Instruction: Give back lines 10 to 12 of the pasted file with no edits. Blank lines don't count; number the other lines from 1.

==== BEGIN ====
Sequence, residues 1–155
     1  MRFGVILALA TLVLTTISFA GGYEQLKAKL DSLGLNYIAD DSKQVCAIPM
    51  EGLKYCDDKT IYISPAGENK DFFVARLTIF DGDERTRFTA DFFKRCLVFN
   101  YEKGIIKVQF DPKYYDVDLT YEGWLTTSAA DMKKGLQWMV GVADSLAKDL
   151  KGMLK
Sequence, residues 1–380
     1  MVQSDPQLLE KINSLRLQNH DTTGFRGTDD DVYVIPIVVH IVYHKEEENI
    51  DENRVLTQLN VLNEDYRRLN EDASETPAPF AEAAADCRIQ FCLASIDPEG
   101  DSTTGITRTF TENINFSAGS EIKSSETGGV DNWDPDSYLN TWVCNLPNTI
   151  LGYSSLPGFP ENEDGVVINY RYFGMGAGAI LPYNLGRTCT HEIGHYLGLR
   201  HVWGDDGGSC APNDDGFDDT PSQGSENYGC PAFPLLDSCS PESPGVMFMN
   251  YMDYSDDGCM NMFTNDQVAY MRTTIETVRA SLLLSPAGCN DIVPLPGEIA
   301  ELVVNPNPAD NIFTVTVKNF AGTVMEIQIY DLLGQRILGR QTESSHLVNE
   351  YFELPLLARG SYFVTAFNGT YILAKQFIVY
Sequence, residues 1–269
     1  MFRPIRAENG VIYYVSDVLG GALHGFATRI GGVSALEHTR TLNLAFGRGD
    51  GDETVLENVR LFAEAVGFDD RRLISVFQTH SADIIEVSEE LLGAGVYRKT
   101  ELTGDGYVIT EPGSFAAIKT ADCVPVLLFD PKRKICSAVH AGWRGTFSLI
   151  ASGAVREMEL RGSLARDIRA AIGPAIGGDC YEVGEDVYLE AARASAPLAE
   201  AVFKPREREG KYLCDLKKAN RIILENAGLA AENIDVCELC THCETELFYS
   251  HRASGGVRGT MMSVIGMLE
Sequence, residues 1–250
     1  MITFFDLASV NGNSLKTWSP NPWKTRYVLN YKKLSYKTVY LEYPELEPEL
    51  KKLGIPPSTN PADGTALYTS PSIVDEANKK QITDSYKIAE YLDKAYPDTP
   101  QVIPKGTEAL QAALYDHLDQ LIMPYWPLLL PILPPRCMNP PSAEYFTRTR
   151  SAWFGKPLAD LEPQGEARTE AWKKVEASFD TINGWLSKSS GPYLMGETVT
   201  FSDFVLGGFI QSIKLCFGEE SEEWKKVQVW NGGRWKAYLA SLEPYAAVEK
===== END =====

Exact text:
   151  LGYSSLPGFP ENEDGVVINY RYFGMGAGAI LPYNLGRTCT HEIGHYLGLR
   201  HVWGDDGGSC APNDDGFDDT PSQGSENYGC PAFPLLDSCS PESPGVMFMN
   251  YMDYSDDGCM NMFTNDQVAY MRTTIETVRA SLLLSPAGCN DIVPLPGEIA